Hiking and biking
Trip Start Aug 31, 2010
20Trip End Jan 04, 2011
Map your own trip!
Show trip route
We arrived in Durango, Colorado and got a room at the Days End motel for $40, cheaper than the $45 advertised on the internet. It appears that 'walk ins' get better rates than reservations. Durango has loads of old style Western buildings, but by the time we got the free trolley bus into town, it was too dark for photos. Anyway, in our attempt to sample as many local microbreweries as possible, we ate and drank at the Carver Brewery, then walked the mile back to our motel.
On Tuesday, we drove to Mesa Verde, a national park with ancient Native American cliff dwellings, dating from around 1200 AD (and that's really ancient for the USA!). The park alone would have been worth visiting for the views - we could see for about 70 miles in every direction. For a measly $3 each, we went on a guided tour of Cliff Palace, the biggest of the cliff dwellings. The buildings were fascinating, and so was our very knowledgeable and amusing guide, Ranger Ray.
On the drive from there to Moab, Utah we reached our 4000th mile on the road and crossed into our 10th state. Scouring the motel discount coupons, we'd discovered that Moab wasn't cheap, but we'd found one that was reasonable. Unfortunately, due to the Jeep convention taking place in Moab, they didn't have any rooms available at the coupon price, i.e. they didn't need our business. So, with some trepidation on Amanda's part, we checked out the dilapidated Lazy Lizard hostel and booked into one of their little cabins, for $33 a night. In fact, it was great value - comfy bed, very close to the toilet block, excellent showers, a space in front of the cabin where we could cook, and wifi in the common room.
Wednesday dawned bright and sunny for a mega fun-filled day of mountain biking. We hired a couple of REAL mountain bikes with bouncy suspension everywhere and big, fat tyres - worth $2800 each! We did the 10 mile Klondike Bluffs route - amazing! It had rocky tracks, difficult sandy trails, but best of all, 'slickrock'. That's what they call the big, relatively smooth expanses of bare sandstone (relatively smooth, because actually they roll with dips, breaks, the occasional hole and even dinosaur tracks!). It was a revelation to both of us what it's like to ride a really good mountain bike - you just glide over most of the bumps - but not all of them! We're now trying to work out how many hours of supply teaching we'd need to do to buy better bikes at home...
Moab itself is a great little town – everybody there seems to be on vacation and every other shop sells outdoor gear or rents mountain bikes – so it has a very laid back feel. After the hard work of the day, we decided we'd earned ourselves a meal out, so we visited...another microbrewery. This time it was the Moab Brewery, which offered us good food and beer, with the added advantage that it was only 20 minutes walk from our hostel, although it did include the scariest part of the trip so far, crossing the seven lane highway in the dark – these roads aren't designed for pedestrians. We slept very well that night!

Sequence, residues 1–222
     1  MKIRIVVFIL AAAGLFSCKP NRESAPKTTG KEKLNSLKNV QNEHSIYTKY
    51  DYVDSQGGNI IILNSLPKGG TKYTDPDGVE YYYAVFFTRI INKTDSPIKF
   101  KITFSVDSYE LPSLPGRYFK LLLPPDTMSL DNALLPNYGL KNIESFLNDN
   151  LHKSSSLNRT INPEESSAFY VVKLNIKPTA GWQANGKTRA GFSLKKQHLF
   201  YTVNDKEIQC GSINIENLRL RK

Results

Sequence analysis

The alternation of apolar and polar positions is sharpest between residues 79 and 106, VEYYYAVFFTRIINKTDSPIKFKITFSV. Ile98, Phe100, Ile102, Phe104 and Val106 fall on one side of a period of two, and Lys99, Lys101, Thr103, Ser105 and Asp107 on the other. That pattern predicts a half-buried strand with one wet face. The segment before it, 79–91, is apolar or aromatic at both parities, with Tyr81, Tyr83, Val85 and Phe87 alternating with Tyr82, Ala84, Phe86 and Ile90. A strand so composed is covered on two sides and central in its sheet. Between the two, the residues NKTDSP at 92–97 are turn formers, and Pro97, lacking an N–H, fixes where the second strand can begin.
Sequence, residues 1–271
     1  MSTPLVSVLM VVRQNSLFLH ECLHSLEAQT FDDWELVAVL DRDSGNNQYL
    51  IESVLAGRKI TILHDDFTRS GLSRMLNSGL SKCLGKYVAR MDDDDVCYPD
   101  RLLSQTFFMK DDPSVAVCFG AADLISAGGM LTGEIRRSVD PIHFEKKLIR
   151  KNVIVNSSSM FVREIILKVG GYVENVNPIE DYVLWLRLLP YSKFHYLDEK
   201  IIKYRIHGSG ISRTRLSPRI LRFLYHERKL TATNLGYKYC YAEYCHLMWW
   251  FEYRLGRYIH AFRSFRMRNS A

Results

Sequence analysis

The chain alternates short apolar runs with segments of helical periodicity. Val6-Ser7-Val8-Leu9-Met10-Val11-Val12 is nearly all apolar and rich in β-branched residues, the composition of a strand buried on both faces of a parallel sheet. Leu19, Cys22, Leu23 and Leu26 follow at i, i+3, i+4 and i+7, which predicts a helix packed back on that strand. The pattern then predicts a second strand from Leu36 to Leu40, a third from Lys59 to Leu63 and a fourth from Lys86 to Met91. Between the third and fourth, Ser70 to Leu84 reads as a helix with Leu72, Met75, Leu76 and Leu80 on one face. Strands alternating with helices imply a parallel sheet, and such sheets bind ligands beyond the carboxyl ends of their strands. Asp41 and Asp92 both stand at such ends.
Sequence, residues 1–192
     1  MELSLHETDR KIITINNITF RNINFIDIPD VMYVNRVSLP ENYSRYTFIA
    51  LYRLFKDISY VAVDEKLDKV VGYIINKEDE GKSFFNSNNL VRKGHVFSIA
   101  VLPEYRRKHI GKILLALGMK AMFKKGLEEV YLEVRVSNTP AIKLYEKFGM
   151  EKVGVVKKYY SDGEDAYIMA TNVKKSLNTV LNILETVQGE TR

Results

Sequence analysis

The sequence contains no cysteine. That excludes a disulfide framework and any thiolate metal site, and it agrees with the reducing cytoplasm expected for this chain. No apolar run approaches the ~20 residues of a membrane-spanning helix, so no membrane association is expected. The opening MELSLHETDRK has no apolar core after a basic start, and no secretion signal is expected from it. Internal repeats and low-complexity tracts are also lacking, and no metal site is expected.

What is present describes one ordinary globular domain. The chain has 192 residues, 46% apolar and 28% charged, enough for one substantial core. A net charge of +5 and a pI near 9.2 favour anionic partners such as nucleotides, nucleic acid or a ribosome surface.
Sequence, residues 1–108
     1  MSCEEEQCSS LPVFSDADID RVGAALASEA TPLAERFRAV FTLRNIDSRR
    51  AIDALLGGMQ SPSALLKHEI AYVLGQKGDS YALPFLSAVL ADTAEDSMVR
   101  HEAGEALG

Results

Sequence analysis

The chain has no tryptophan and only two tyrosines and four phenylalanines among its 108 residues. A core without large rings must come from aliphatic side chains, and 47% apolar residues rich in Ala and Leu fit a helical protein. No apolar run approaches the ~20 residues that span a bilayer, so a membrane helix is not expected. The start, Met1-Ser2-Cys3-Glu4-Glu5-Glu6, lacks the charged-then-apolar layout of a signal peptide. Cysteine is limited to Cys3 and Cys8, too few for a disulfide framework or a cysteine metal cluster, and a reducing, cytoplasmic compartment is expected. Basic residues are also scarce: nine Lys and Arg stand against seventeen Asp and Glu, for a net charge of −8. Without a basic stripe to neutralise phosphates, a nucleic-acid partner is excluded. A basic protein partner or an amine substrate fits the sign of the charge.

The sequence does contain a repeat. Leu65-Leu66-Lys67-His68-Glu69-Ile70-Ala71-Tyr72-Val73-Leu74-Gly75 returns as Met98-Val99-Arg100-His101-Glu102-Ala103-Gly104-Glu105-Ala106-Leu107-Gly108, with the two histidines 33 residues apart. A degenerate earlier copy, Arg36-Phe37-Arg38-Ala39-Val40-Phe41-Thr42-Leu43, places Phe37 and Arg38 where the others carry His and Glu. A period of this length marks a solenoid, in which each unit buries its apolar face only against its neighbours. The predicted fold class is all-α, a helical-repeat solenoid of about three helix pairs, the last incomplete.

The plan for Thursday was to head for the Needles district in Canyonlands national park, but we'd been warned that their campground with 24 sites filled up every day, so we set off early in the morning and managed to get one of the few vacant sites. This was the first time we've ever had our tent pitched by 10:00 am! The weather forecast warned of thunderstorms, but luckily, it stayed dry for our 7.5 mile hike through some breathtaking scenery. One of the things that surprised us about desert terrain is how varied it is - as well as the expected sand, cacti and sagebrush, wherever there's some water you get lots of greenery and colourful flowers. Despite all the beauty, by the time we got back to our campsite we were exhausted - two days of vigorous activity at altitude had done us in. We were both asleep by 9:00 pm, but awake again at midnight, due to the torrential rain hammering on our tent. It rained, and rained, and rained, and rained...we packed up a very wet tent in the morning.
On the drive down to Flagstaff, Arizona we had more rain, but still managed to see some of the fantastic rock formations of Monument Valley from the road, as well as the one that gave the town of Mexican Hat its name. As we approached Flagstaff, Humphreys Peak looked stormy and dramatic. In our continual search for cheap motel rooms, we arrived at the Knights Inn because we'd seen an internet ad for $39 a night. Turns out it was a different Knights Inn and this one was $50, but when we turned around to go, the manager decided that since the motel was nearly empty he wanted our business, and knocked it down to $39. So now we've learned another trick in motel pricing!